Anorectal Abscess

  • Parswa Ansari, Assistant Professor and Program Director in Surgery, Hofstra Northwell-Lenox Hill Hospital, New York

  • MSD Manual
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  • An anorectal abscess is a localized collection of pus in the perirectal spaces. Abscesses usually originate in an anal crypt. Symptoms are pain and swelling. Diagnosis is primarily by examination and CT or pelvic MRI for deeper abscesses. Treatment is surgical drainage.

    (See also Evaluation of Anorectal Disorders.)

    An abscess may be located in various spaces surrounding the rectum and may be superficial or deep. A perianal abscess is superficial and points to the skin. An ischiorectal abscess is deeper, extending across the sphincter into the ischiorectal space below the levator ani; it may penetrate to the contralateral side, forming a “horseshoe” abscess. An abscess above the levator ani (ie, supralevator abscess) is quite deep and may extend to the peritoneum or abdominal organs; this abscess often results from Colonic Diverticulitis or Pelvic Inflammatory Disease (PID). Crohn Disease (especially of the colon) sometimes causes anorectal abscess. A mixed infection usually occurs, with Escherichia coli , Proteus vulgaris , Bacteroides, streptococci, and staphylococci predominating.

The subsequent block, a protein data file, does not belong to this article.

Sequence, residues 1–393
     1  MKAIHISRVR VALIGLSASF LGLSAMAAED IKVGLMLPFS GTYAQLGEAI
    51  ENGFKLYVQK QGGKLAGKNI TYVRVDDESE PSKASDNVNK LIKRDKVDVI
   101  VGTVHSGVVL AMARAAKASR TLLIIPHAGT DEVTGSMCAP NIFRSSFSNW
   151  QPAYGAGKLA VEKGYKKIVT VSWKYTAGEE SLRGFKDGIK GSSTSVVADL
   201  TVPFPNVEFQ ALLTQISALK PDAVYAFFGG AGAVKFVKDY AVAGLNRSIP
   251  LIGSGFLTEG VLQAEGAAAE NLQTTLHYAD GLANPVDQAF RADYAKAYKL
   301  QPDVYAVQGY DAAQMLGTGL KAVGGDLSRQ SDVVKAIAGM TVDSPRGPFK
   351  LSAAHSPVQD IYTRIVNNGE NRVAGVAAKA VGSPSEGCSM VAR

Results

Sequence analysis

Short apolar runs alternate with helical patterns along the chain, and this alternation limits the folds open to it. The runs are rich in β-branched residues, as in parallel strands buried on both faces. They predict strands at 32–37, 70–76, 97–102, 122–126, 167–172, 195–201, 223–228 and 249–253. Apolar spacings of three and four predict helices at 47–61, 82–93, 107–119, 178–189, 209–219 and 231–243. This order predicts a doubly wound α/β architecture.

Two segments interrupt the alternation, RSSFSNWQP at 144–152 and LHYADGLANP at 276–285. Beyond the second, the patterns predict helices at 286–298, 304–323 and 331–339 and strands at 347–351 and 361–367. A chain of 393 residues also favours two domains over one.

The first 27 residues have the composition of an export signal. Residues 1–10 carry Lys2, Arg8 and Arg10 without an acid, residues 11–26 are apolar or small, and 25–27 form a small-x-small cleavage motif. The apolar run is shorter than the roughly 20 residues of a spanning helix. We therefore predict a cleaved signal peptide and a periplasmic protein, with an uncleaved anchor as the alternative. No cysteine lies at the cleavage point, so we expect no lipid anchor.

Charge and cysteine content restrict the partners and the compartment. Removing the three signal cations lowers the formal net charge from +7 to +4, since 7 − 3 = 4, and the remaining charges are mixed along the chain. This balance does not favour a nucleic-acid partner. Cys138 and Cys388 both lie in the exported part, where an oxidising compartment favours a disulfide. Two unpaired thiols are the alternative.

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  • Last modified in -By Parswa Ansari
    Last review 07-2018

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